The deadline for Marquette to escrow its payment for the 2014-2015 basketball season fell on September 1, 2014. Marquette did not meet the deadline. Instead, on September 2, 2014, it informed PJS by letter that it had "made other arrangements for its men's basketball air charter services during the 2014-2015 academic year" and was therefore terminating the agreement. Doc. No. 1 at 3. PJS responded by bringing a breach of contract action in this Court. Doc. No. 1. Marquette then moved to stay the action and compel arbitration in February 2015. Doc. No. 14.

II. DISCUSSION

"[A] gateway dispute about whether the parties are bound by a given arbitration clause raises a question of arbitrability. . . ." Howsam v. Dean Witter Reynolds, Inc., 537 U.S. 79, 84 (2002) (internal quotation omitted). Ordinarily, gateway arbitrability questions are "issue[s] for judicial determination." AT&T Techs. v. Commc'ns Workers of Am., 475 U.S. 643, 649 (1986). Thus, "[u]nless the parties clearly and unmistakably provide otherwise, the [threshold] question of whether the parties agreed to arbitrate is to be decided by the court, not the arbitrator." Id. It follows, however, that parties to an arbitration agreement may, if they so choose, agree to delegate gateway arbitrability questions to an arbitrator rather than to a court. Rent-A-Center, W., Inc. v. Jackson, 561 U.S. 63, 68-69 (2010); Awuah v. Coverall N. Am., Inc., 703 F.3d 36, 41 (1st Cir. 2012). Such an agreement, often called a "delegation clause," "is simply an additional, antecedent [arbitration] agreement the party seeking arbitration asks the federal court to enforce, and the FAA operates on this additional arbitration agreement just as it does on any other." Rent-A-Center, 561 U.S. at 70. Thus, "federal courts can enforce [a delegation clause] by staying federal litigation under § 3 [of the FAA] and compelling arbitration." Id.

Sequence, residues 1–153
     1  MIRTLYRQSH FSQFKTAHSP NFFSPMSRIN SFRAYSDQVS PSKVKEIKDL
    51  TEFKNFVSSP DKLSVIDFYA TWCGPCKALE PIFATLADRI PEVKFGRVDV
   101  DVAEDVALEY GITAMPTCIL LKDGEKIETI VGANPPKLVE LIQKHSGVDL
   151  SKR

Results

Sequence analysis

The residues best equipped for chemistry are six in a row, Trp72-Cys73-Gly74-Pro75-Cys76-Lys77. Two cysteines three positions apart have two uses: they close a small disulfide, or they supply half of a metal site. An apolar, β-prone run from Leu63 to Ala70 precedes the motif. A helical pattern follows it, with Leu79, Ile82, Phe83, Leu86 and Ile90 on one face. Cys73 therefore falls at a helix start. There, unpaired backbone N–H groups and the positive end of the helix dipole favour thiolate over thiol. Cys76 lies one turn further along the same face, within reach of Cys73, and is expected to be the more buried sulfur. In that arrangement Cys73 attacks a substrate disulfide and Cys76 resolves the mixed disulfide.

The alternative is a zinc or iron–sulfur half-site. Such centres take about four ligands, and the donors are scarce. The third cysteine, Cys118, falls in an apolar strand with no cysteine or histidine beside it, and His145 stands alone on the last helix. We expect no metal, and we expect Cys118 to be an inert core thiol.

PJS does not challenge the validity of the delegation clause in Article 15.8 of the Escrow Agreement.1 See Rent-A-Center, 561 U.S. at 71-72 ("[U]nless [a party] challenge[s] the delegation provision specifically, we must treat it as valid under [the FAA] . . . ."). Instead, it argues that the delegation clause has no bearing on the case because its claim against Marquette concerns only the separate Air Services Agreement, which does not contain an arbitration clause. In other words, it argues that Marquette's reliance on the delegation clause improperly "attempt[s] to insert an arbitration clause from one [unrelated] agreement into another" and compel arbitration of a claim that has nothing to do with the Escrow Agreement. Doc. No. 15-1 at 6 n.7. This argument, although powerful on its merits, overlooks the fact that Marquette does maintain that PJS' claim "relat[es] to" the Escrow Agreement, Doc. No. 14-4 at 8, and therefore requires arbitration under the arbitration clause in Article 15.1 of the Escrow Agreement. Thus, PJS and Marquette have a "dispute" over whether PJS' claim falls within the scope of the Escrow Agreement's arbitration clause. See id. at 9. Where, as here, parties to an arbitration agreement that is subject to a broad delegation clause disagree about whether their agreement covers a particular claim, an arbitrator ordinarily must resolve the gateway arbitrability dispute. See Rent-A-Center, 561 U.S. at 68-70; Momot v. Mastro, 652 F.3d 982, 988 (9th Cir. 2011).